Stop the Revolving Door of Employee Turnover

This is a guest post written by Robert A. Cameron of from Robert A. Cameron & Associates in Weston FL. Mr. Cameron works with employers to help them increase the effectiveness of their employee selection and retention, and improve their company’s productivity and profitability. They can be reached at 954-385-8701 or visit their website at

Stop the revolving door of employee turnover. Employee assessment tools have advanced so companies can now more effectively identify, select, and retain top performing employees, and that means providing better service.

The challenge and cost of employee turnover is one of the most discussed, most frustrating and most misunderstood problems businesses face. CEO’s have identified employee retention as one of their key challenges. Yet organizations continue to struggle with this costly issue. The science of psychological assessments has recently advanced, allowing the development of much more predictive assessment tools.

If you do not know what your employee turnover cost is, many experts agree that you can come surprisingly close to the cost of a single turnover incident by simply multiplying the annual salary for the position times 2.5 – that will cover productivity loss, recruiting and hiring cost, training cost, liability, unemployment and the other 101 hidden costs that we usually try not to think of when we lose an employee. What is the cost of poor customer service!

Employee turnover often begins with a poor hiring decision. When we hire someone who is a poor job fit, we have already begun an almost inevitable course that will end with failure – and another turnover casualty. Part of the problem of poor hiring lies with our poor tools: One comprehensive study of the hiring process indicated that, if an interview is your only tool, you have only a 14% chance of making a good hire. Add good reference checking (and we all know how difficult that can be), you can raise your success ratio to 26%. If your goal is to beat one out of four odds, you need better tools!

Fortunately, the science of employee assessments has produced increasingly useful tools to add to the art of hiring. While no assessment, or even a combination of assessments, guarantees success, the same study showed that use of personality, abilities, interests, and job matching measures can raise your success rate to 75% or better. Equally important, valid pre employment screening assessment tools in all of those areas can be applied for well below 1% of the projected cost of a bad hire.

Why don’t more of us use employee assessments to improve our hiring (and lower turnover)? Part of the answer lies in lack of education on the topic – not many of us have even attended a single seminar on use of scientific assessment tools. Part lies in reluctance to spend any money on new processes. Part of it, frankly, is the already overwhelming load we place on the people who are doing the hiring – they are so busy bailing the boat, they can’t take time out to turn on the bilge pumps! To change the course of turnover, you must recognize that the costs are killing you, that you can change course, and that the rewards are well worth the trouble.

For more information on employee assessments, you can call Robert A. Cameron & Associates at 954-385-8701 or visit their website at Thank you to Mr. Cameron for writing this post about a very interesting topic.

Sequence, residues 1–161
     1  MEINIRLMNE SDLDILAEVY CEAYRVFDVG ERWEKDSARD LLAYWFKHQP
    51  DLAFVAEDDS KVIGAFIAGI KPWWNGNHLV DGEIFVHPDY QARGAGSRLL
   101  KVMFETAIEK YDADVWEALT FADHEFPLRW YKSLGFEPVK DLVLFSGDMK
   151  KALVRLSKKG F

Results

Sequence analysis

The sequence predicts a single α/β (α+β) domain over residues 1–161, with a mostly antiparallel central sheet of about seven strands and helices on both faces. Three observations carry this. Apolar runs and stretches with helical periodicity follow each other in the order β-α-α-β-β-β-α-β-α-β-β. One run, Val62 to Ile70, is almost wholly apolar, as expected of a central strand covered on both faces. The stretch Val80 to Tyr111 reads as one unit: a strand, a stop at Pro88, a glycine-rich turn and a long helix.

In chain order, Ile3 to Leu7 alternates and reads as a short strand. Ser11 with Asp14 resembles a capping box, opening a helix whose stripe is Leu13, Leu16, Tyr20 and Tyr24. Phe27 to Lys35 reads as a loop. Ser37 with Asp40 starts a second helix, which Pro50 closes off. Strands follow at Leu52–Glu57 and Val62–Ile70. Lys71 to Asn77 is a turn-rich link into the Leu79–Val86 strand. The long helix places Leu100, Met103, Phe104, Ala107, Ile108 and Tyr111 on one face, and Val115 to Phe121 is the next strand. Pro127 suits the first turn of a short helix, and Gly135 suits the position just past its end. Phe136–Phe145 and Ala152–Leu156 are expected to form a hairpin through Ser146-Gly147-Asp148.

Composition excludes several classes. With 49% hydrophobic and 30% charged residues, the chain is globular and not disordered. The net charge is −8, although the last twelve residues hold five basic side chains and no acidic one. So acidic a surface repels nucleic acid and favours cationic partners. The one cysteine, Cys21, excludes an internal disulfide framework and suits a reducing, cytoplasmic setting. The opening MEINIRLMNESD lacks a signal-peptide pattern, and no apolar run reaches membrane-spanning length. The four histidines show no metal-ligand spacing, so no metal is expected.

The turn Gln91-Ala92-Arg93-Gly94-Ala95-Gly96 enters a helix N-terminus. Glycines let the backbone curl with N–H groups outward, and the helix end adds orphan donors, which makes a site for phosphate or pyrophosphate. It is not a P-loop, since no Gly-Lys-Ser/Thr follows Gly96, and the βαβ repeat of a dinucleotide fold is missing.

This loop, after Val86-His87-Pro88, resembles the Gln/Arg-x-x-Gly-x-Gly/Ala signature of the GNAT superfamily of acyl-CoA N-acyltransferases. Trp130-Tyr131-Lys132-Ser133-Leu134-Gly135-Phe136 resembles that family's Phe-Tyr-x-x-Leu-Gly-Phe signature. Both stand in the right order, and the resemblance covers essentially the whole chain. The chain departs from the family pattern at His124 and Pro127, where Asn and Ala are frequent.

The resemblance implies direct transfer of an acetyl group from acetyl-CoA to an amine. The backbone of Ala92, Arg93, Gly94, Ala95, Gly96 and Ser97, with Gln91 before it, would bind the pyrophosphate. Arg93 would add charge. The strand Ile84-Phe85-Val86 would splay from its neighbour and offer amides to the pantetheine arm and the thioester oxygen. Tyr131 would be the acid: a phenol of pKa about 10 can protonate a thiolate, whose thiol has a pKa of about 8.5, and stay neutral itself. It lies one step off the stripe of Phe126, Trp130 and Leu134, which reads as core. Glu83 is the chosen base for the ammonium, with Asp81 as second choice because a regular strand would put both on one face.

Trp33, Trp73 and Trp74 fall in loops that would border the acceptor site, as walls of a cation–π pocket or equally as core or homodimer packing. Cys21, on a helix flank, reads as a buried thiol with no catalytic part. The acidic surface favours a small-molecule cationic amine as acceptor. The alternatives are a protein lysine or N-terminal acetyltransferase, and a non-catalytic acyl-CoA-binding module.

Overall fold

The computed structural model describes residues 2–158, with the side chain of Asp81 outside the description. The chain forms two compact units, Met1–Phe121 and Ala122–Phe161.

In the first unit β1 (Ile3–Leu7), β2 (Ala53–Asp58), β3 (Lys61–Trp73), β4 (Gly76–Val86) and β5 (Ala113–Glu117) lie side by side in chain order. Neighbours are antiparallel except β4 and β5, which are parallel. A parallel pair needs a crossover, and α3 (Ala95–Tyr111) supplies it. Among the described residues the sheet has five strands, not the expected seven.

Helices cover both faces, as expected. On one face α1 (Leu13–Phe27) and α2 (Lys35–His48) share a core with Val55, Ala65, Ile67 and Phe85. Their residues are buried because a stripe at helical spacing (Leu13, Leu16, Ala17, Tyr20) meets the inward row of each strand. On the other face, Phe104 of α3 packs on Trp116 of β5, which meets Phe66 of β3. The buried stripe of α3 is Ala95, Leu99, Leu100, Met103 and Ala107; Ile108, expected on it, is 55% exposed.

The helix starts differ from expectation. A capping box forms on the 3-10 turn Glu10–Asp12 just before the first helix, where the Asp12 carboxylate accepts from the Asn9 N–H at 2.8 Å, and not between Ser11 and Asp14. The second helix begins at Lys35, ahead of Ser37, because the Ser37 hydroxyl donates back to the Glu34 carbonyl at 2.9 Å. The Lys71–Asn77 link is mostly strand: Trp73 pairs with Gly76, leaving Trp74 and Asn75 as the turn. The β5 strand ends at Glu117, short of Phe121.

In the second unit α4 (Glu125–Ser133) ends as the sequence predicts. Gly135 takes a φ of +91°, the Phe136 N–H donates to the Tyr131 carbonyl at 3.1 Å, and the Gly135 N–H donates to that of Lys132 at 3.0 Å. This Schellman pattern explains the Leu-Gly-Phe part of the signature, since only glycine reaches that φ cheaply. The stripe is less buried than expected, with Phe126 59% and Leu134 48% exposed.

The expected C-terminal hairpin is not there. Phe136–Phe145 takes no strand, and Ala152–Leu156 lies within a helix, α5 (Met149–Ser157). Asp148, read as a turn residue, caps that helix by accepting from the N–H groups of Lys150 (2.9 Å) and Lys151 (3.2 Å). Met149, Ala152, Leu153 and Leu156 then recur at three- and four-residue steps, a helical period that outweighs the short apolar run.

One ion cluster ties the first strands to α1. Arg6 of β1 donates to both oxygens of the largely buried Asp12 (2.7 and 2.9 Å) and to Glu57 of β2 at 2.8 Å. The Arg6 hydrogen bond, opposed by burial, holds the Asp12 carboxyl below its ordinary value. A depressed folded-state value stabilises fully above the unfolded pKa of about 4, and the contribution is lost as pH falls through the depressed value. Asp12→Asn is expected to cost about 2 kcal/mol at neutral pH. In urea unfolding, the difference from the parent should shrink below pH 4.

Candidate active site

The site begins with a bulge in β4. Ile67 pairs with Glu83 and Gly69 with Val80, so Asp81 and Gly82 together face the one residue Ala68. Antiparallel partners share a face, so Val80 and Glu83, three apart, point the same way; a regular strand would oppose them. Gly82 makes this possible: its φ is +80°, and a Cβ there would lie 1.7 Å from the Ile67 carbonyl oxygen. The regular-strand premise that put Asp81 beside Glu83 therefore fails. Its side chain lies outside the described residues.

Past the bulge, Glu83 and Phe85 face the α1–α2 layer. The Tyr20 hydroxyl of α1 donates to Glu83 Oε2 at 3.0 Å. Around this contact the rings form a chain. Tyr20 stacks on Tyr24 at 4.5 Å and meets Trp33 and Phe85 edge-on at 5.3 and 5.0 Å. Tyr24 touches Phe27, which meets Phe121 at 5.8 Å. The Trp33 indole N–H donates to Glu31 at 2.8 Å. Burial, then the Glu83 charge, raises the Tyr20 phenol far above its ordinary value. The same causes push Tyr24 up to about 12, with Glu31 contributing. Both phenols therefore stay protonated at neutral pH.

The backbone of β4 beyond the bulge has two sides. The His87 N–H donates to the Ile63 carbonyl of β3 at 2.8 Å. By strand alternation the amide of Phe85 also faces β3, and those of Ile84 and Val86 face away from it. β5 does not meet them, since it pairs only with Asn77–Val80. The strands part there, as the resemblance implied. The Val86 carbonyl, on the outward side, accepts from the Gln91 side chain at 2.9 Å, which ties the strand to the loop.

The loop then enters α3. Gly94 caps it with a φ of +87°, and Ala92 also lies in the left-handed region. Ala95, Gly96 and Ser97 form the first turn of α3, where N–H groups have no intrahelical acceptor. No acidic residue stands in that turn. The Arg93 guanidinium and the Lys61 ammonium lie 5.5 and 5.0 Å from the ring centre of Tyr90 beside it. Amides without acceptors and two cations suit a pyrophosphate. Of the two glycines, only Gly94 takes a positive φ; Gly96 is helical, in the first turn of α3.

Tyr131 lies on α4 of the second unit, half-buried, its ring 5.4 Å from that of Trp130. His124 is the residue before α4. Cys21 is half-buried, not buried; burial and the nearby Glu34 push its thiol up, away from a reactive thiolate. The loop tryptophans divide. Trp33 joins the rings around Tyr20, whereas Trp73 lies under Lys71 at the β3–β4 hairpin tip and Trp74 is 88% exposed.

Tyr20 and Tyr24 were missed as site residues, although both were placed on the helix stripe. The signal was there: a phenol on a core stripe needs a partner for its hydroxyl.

If you have an idea for a guest writer, feel free to post the person or company’s name, web site, etc. in the comments section.

4 Responses to “Stop the Revolving Door of Employee Turnover”

  1. Service Untitled » Who else wishes there were no moronic idiots in customer service? said:

    Aug 02, 06 at 10:42 am

    […] Test their abilities. Read this post written by an employee assessment test expert. Inc. Magazine had a big article about testing employee’s abilities through a series of assessment tests and job-like scenario tests (note: at the time of writing, the new issue of their magazine is not on their web site). Testing employees to get a feel about how their actual knowledge, if they will fit into your company culture and how well they will do on the job is extremely important. It’s hard to tell that from an interview, so try the tests and challenges out. […]

  2. Service Untitled » Judge a book by its cover! - customer service and customer service experience blog said:

    Jan 23, 07 at 10:18 am

    […] Maybe I have to ask Robert Cameron this, but I wonder if the employee assessment tests can pick people like me up? And if they can, is that necessarily a bad thing? Eternal optimists sometimes aren’t fully in touch with reality. While I can see how that could possibly benefit a customer service representative, is it something that is really a good thing? Personally, I don’t think so. What do you think? […]

  3. Service Untitled » The Technical People Barrier? - customer service and customer service experience blog said:

    Mar 06, 08 at 9:07 pm

    […] Hire with personality in mind. If you aren’t doing it already, it might be useful to include personality tests or at the very least, personality focused questions, in the interviewing process. In the perfect world, you don’t need to and won’t hire people that don’t like working with customers. Ideally, everyone should enjoy working with, talking to, and serving customers. […]

  4. Human Resource Consulting said:

    Oct 31, 08 at 10:13 am

    “Why don’t more of us use employee assessments to improve our hiring (and lower turnover)? ” – A good software package to evaluate your employees before hiring is always a good investment. A little extra cost at the beginning can save a lot in the long run!